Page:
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Arlesterc

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Reply with quote  #1 
We have been trying to figure out how Windows Server backup works, in particular, how it creates and stores its differentials. MS has little documentation in that regard.  What we seem to think is the following:

We do a first full backup to a USB on day 1.  Let's assume it's 100 gig.

Then on day 2 we do a 'fast' backup - which is a differential - all that has changed from day 1 - let's say it's 10 gig between new files created and others changed.

Then on day 3 we do another 'fast' backup - this one will have all that changed from the base on day 1.  Let's say on day 3 we did 20 gig of changes/adds.

We do not see any files representing the 10 and 20 gig additions on the backup media but we know WSB must have put it there as we can recover to day 1, 2 or 3.

So as it is not creating separate files our assumption is that it somehow adds the 30 gig to the original base image.  So the image file representing the backup is increasing in size - it is as if Windows was adding 'volumes' with each backup and somehow keeping track of where those volumes are via the catalog.

We would appreciate if someone were to go through our logic and comment - if someone actually has some MS material that would confirm or negate this that would be even better.  Thanks in advance for any feedback.

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Creacon

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Reply with quote  #2 
FWIW, I can't comment much on your logic because I do full "Bare Metal" backups, using two sets of HDDs - the latest goes in a safe onsite, the previous one to a SD Box at the bank - and they're swapped each week.  I then do daily "All Files Only" backups to locally stored HDD, maintaining the three most recent level.  This methodology goes all the way back to the 60's when we used tapes, because disks hadn't been invented yet.

In any case, I would emphasize, if you haven't done so, the use of the "Bare Metal" backup.  Just a standard full/differential backup can only be restored to an identical computer, whereas a Bare Metal backup can be universally restored to any computer; all you need is the new machine's drivers.  The logic behind this is because computers are ever-changing, and if your server crashes into a puddle of molten metal after a year or so, you'll likely not be able to obtain another identical machine, so the Bare Metal idea is a great CYA.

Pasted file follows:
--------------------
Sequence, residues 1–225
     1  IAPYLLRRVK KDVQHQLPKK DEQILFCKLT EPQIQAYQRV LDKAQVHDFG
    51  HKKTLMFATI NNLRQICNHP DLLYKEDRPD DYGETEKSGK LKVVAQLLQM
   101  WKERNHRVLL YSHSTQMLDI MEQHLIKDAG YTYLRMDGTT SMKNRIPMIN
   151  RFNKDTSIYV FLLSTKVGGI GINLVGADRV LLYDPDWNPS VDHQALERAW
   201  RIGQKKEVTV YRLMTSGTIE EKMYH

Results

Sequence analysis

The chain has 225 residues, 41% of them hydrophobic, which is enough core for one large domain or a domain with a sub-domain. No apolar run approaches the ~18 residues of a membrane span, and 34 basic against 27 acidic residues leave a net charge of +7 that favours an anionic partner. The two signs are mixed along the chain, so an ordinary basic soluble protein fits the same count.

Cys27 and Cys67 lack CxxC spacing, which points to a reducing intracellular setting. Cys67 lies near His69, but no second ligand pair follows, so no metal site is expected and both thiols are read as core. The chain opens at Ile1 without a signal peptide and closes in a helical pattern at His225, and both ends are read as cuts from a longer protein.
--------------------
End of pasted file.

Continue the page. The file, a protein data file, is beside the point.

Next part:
Hope this helps a little.

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wobble_wobble

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Reply with quote  #3 
A Windows Server backup is a form of incremental backup, where it has a full backup and then the changes since the last full backup.

MS Docs say it best. this is from Server 200
Quote:
Automatic management of full and incremental backups. You no longer need to manage full and incremental backups. Instead, Windows Server Backup will, by default, create an incremental backup that behaves like a full backup. You can recover any item from a single backup, but the backup will only occupy space needed for an incremental backup. In addition, Windows Server Backup does not require user intervention to periodically delete older backups to free up disk space for newer backups—older backups are deleted automatically.


This is from Server 2008R2, but valid for 2012 + R2 I believe -https://technet.microsoft.com/en-us/library/cc772523(v=ws.11).aspx


If you want to see it more visually, its not a MS Solution, but Veeam Endpoint protection will protect a physical computer to a USB or network share or virtual guest to a network share.
You can then look in the backup folders easier and see the file sizes, then look at the restores

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